Barge brings groceries, after ferry breaks down

  • Jan. 26, 2004 5:00 a.m.

Islanders were left with no ferry service after the Queen of Prince Rupert broke down Friday afternoon (Jan. 23) on its way to Port Hardy.
The ferry was about five hours out of Prince Rupert on its south-bound journey-heading for Port Hardy- when the starboard gear box developed a mechanical problem, said BC Ferry Services Inc. communications coordinator Ann Carpenter. The ship was not able to maneuver normally without the gear box, so stops at Ocean Falls and Bella Bella were cancelled and it proceeded directly to Port Hardy, she said.
The QPR is now being repaired at the shipyards in Richmond, where it was already scheduled to go for an extensive refit in mid-February. The other northern ferry, the Queen of the North, is still undergoing its annual refit at Ogden Point in Victoria, Ms Carpenter said.
BC Ferry Services was trying to speed up the refit to allow the Queen of the North to start serving the northern routes by Saturday (Jan. 31). The QN was already scheduled to start serving these routes in mid-February.
Meanwhile, BC Ferry Services has hired a tug and barge to make two round trips to the islands this week, bringing groceries and other freight stranded in Prince Rupert.
Gord Nettleton, manager of northern services, said bad weather prevented the barge from leaving Monday as planned. It was scheduled to get to the islands early Wednesday.
Richard Clarmont, general manager of the Delmas Co-op, said he was posting signs to keep customers up to speed.
“We’ll be one day behind, which is not that unusual at this time of year,” he said.
About 170 people had reservations on the Skidegate-Prince Rupert route this week, Ms Carpenter said. BC Ferry Services chartered a Hawkair plane which was to leave Rupert Monday evening with 37 passengers who had been stranded. It returned to the mainland with a plane-load of passengers returning from the islands.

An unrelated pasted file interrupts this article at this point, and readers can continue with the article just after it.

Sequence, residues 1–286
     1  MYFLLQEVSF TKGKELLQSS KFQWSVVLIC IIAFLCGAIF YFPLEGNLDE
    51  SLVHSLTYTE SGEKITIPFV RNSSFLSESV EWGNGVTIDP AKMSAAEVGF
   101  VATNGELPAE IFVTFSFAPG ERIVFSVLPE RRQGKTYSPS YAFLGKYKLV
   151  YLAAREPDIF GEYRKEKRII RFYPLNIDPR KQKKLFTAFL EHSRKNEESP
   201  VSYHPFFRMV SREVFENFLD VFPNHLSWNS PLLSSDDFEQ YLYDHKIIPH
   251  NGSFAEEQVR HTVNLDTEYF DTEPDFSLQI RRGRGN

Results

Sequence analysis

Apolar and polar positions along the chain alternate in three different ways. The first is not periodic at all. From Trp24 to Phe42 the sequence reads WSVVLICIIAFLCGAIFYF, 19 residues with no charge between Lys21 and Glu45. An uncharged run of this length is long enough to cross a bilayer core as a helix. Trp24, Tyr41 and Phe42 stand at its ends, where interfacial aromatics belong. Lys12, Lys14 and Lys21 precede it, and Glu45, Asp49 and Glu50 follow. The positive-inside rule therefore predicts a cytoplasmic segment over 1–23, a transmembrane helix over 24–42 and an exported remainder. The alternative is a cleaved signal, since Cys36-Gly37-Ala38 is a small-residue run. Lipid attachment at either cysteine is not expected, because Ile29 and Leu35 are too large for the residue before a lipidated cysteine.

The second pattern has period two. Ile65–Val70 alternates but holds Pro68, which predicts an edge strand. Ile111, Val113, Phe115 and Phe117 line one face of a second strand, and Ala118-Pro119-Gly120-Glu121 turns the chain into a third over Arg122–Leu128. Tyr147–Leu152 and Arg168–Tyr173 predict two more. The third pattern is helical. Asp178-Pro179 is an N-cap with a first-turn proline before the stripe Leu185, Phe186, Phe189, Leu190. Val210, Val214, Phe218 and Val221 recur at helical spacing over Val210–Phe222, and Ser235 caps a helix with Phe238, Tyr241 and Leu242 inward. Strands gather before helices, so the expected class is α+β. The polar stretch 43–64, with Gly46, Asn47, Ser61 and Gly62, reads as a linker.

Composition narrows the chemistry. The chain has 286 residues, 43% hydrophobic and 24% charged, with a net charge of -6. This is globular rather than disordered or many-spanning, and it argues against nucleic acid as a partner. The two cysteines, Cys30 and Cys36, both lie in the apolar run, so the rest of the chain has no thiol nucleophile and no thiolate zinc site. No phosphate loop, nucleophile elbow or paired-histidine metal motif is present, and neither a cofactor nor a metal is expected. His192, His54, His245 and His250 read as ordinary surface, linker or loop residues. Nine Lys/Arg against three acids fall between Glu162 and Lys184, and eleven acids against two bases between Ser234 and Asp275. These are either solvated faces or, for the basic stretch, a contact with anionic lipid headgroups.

Captain Nettleton said the plane would also leave Tuesday and Thursday. BC Ferry Services was giving priority to people travelling for medical reasons, children, and people trying to get home. Passengers who wanted to travel by plane had to have a ferry reservation, and had to register with the Prince Rupert terminal.
At least one islander wants $300 back from BC Ferry Services. Marty Decock bought one-way plane tickets for himself and a co-worker to get home from Prince Rupert Sunday afternoon after being told there would be no ferry service until at least Jan. 31. Terminal staff neglected to inform them about the charter flight leaving Rupert the next day, Gabrielle Decock said.
“I am livid,” Ms Decock said. “If they would have known there was a charter flight, they would have taken it.”
Ms Decock said she was also concerned about security at the ferry terminal, where her husband had to leave his truck until ferry service resumes. In the past, they have had their vehicle vandalized while it was parked in Rupert.
Capt. Nettleton said the Rupert terminal is now being staffed 24 hours a day. He also phoned all the mayors and chief councillors in the area to give them an update on the situation.
“Where else in the fleet could you go without a ferry for a week?” he asked, noting that in the south, people get upset if ferry service is delayed for even an hour. “I love working in the north. People have been great, they’re really understanding.”
Capt. Nettleton said people with complaints like Mr. Decock’s should submit them in writing to BC Ferry Services Inc. customer communications, at 1112 Fort Street, Victoria, V8V 4V2.

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